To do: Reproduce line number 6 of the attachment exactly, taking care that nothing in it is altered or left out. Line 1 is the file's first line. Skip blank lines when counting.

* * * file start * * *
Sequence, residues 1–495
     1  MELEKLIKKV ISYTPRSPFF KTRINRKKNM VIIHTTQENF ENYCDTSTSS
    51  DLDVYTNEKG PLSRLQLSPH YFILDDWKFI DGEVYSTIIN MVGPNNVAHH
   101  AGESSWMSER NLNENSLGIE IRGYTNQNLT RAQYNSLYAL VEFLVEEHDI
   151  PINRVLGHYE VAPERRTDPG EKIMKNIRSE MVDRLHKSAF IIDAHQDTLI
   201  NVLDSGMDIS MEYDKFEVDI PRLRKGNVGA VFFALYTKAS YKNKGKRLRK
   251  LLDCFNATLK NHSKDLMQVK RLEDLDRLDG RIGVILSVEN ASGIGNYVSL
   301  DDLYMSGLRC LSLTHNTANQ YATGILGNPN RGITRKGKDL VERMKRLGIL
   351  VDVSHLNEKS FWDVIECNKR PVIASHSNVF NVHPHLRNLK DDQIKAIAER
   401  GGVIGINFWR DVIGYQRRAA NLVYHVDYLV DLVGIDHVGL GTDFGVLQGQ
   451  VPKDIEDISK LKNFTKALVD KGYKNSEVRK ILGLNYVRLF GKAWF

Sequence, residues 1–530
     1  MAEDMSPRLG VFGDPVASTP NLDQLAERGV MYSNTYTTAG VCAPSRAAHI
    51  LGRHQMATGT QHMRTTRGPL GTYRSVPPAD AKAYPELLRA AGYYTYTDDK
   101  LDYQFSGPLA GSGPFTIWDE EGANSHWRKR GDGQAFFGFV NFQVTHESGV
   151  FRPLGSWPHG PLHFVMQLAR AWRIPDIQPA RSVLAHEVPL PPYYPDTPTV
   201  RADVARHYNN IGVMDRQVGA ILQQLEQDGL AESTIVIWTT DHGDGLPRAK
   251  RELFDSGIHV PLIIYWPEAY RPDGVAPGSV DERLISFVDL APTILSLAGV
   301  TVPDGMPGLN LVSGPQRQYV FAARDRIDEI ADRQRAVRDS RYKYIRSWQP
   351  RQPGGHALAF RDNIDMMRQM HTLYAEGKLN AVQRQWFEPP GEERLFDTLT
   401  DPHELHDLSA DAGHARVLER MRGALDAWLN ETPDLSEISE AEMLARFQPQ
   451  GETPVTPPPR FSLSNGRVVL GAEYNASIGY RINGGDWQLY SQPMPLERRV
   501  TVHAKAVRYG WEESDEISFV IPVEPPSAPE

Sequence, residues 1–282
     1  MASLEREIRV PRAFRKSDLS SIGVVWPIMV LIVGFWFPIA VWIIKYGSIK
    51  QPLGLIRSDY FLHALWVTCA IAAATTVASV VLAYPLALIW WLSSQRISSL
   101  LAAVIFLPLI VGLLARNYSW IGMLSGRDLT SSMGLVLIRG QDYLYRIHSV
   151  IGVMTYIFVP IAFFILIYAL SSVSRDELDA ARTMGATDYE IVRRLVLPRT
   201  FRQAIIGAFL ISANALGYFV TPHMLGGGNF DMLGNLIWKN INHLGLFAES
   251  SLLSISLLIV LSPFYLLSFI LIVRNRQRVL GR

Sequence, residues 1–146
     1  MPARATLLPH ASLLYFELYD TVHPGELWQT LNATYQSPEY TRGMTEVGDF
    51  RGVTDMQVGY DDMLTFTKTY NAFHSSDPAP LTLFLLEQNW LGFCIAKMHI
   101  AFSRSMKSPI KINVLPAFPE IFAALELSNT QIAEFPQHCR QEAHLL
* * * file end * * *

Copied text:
   201  NVLDSGMDIS MEYDKFEVDI PRLRKGNVGA VFFALYTKAS YKNKGKRLRK